Making sure the viewer can see all specimens is especially important when displaying many similar sized specimens within a large display case.

    Making sure the viewer can see all specimens equally is especially important when displaying many similar sized specimens within a large display case.

     

    A combination of wide risers and framed documents is used to fill up the entire volume of this display case.

    A combination of wide risers and framed documents is used to fill up the entire volume of this display case.

    The inclusion of other types of ephemera as an accompaniment to the rocks and minerals is a way to help create interest, add height or to carry a theme. This could be documents, antiques, labels, models, optical equipment, plaques, souvenirs, etc.

    Tasteful and well thought out choice of non-mineral items can be used to reinforce your display theme or idea.

    Tasteful and well thought out choice of non-mineral items can be used to reinforce your display theme or idea.

    Step 4. Make sure your rocks and minerals are display ready

    Orientation, Cleaning, Mounting, and Labeling a mineral or rock effectively can be confusing for many novice exhibitors. The correct way can be largely subjective and often times shape or size can create challenges for even a seasoned collector.

    Orientation – Always display full, terminated crystals facing the viewer. Broken crystals should face toward the back or bottom when all possible. If you are unsure what your crystal should look like, look up photos.

    Cleaning – Clean any dust or dirt from your minerals and rocks prior to displaying them. Depending on the nature of the dirt/mineral cleaning could be a spray of compressed air, a soft paint brush, soap, and water, or scrub with a toothbrush.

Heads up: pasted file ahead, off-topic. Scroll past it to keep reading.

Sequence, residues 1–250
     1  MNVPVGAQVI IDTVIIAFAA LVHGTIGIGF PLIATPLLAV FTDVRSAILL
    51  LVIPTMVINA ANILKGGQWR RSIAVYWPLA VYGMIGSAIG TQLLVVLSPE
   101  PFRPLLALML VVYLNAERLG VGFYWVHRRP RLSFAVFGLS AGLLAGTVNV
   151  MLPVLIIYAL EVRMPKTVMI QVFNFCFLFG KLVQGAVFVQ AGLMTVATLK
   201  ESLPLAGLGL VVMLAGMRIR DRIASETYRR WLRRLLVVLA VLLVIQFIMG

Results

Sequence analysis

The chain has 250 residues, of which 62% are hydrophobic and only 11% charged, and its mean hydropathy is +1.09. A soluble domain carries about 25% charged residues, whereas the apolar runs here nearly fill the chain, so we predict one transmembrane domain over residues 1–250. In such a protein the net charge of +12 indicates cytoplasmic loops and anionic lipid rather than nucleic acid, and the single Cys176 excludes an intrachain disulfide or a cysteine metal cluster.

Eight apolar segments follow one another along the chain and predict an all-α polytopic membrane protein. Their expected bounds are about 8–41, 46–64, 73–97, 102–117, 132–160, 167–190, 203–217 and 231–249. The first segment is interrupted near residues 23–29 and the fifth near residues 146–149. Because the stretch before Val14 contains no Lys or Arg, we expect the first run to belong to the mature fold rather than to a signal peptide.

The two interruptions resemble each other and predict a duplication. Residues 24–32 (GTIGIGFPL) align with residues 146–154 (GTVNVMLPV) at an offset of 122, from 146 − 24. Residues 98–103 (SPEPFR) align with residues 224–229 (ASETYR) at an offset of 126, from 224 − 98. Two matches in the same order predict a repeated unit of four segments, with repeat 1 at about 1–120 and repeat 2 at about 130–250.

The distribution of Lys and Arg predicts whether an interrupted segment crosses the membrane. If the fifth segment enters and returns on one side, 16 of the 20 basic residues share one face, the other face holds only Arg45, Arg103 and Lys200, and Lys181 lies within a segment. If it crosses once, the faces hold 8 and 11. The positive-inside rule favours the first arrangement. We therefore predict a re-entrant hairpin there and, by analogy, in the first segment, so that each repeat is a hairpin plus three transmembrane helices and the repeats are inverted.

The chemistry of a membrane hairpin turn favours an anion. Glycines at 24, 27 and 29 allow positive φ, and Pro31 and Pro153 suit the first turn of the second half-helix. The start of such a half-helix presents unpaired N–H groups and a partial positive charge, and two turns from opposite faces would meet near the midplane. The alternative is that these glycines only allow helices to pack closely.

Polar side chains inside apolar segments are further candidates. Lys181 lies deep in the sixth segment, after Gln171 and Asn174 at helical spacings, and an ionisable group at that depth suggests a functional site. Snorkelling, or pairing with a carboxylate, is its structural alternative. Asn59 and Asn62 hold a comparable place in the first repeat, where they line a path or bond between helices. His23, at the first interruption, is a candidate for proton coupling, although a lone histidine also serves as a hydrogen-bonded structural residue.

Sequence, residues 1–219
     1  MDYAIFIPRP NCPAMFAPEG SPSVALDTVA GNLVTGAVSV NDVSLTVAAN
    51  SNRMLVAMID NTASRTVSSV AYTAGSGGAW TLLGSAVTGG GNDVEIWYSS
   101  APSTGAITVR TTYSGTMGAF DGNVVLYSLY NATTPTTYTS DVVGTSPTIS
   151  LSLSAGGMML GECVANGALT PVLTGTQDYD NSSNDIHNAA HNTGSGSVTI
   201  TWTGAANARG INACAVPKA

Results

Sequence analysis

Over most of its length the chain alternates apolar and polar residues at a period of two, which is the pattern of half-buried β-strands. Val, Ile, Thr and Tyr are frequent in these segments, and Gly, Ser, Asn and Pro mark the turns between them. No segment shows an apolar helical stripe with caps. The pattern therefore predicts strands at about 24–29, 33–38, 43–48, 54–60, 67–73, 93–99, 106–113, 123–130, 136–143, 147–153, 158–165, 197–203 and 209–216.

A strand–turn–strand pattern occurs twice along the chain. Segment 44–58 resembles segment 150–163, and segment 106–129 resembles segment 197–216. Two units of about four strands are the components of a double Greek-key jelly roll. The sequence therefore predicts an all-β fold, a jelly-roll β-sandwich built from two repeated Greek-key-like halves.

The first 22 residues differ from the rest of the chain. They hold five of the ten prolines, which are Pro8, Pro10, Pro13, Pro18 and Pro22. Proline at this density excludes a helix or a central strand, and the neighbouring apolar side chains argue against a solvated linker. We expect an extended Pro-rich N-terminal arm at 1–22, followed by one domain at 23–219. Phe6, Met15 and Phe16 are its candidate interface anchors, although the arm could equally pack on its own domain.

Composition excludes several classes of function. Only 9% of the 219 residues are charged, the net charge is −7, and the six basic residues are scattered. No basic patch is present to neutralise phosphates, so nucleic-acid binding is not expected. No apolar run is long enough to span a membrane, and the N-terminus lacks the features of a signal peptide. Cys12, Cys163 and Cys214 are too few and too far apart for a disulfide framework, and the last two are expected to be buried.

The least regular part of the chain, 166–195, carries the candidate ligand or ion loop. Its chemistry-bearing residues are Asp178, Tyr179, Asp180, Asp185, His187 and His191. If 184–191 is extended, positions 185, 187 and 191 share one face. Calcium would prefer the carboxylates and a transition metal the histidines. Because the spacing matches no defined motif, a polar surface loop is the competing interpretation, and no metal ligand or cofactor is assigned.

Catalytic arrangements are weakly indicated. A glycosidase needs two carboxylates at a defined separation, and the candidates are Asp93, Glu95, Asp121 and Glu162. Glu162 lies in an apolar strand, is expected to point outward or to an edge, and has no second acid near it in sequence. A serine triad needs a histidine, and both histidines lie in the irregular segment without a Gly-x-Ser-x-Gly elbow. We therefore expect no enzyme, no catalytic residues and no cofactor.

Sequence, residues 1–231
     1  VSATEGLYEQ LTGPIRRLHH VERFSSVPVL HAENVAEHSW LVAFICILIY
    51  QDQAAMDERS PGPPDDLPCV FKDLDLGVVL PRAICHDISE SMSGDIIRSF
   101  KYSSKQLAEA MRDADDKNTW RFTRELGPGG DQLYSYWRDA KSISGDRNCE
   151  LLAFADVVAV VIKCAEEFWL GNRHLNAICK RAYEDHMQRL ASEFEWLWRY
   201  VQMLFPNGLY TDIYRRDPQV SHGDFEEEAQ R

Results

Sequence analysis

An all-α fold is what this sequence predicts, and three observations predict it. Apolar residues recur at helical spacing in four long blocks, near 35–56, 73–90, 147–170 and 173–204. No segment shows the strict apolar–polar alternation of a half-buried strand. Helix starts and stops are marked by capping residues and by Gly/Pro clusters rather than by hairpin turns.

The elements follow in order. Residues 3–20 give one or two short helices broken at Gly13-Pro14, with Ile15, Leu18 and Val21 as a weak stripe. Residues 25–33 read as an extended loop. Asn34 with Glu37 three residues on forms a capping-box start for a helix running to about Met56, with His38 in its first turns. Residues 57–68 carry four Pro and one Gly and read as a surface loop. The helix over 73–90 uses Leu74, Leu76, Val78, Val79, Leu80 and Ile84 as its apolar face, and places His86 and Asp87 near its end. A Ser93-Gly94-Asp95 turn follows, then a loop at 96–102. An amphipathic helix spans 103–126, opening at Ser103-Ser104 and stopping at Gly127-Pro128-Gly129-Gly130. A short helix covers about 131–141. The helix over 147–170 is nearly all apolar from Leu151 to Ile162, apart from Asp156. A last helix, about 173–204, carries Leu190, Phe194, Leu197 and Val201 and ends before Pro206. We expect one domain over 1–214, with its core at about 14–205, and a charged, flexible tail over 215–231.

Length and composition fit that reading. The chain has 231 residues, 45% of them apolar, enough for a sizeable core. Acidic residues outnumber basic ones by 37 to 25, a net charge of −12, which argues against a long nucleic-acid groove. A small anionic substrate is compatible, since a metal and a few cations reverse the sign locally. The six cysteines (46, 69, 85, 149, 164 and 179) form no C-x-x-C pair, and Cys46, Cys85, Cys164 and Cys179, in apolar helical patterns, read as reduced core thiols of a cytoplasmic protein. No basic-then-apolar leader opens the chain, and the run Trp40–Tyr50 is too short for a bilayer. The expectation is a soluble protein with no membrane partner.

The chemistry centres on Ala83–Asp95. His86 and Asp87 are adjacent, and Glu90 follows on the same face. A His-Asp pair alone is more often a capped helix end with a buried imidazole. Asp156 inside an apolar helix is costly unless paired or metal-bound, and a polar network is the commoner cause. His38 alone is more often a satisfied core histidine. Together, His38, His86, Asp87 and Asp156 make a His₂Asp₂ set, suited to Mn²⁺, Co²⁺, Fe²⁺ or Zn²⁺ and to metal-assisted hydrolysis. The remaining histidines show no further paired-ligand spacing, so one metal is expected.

Mounting – Mount small specimens on stands or bases securely using an appropriate adhesive. Test under shaking and heat to ensure effectiveness of the mount.

    Labeling – Look up the localities of all minerals online (I recommend Mindat.org) or in reference books to ensure that you have the correct information and spelling. Use a clean, simple, font that is easy to read, and consistent throughout your display. Cut your labels out carefully and neatly with either a paper trimmer or scissors. If colored paper or text is used, make sure that the information is easy to read, that the contrast isn’t too drastic, and that it doesn’t detract from the overall display.

    Display of cut and rough stones requires precise placement of the cut gemstones in relation to their corresponding natural crystal counterparts.

    Display of cut and rough stones requires precise placement of the cut gemstones in relation to their corresponding natural crystal counterparts.

    Step 5. Practice, Prepare, Pack, Present

    Pay attention to the details, this is what will make or break the successful execution of your display.

    • Double check the spelling and grammar on all labels and signs.
    • Make sure dirt, dust, stains, or hair is removed from all fabric.
    • Check all mountings for stability and adhesion.
    • Do a practice set-up of your display case and see if all your minerals are clearly visible.
    • Once you have decided on a final layout, take a photo of your practice display to use as a reference for real display day.
    • Pack everything up backward as to how you will unpack it; pack items in the back row first, ending with the first row last.

    Pack your minerals securely for transportation to the show location. Place backing boards, fabric covered inserts, risers, and other items inside bags or boxes to protect them from damage or dirt during transport. Transport signs and labels in a folder or envelope to prevent wrinkling, creasing, or other damage.

    Usually display cases are set up the day before a gem show opens. You will be given instructions as to the date, time, and procedure beforehand; save these on your phone or print them out and bring them with you. Be prompt, wear your name tag if asked, follow any parking instructions, and try to finish setting up your display case in a timely fashion.